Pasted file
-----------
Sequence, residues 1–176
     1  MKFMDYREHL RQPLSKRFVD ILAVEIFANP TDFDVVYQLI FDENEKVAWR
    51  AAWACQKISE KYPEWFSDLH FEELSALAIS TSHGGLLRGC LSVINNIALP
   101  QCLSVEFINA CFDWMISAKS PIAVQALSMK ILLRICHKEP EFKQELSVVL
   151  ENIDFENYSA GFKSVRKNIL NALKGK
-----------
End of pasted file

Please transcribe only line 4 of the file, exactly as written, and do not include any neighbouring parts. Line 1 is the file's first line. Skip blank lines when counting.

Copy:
   101  QCLSVEFINA CFDWMISAKS PIAVQALSMK ILLRICHKEP EFKQELSVVL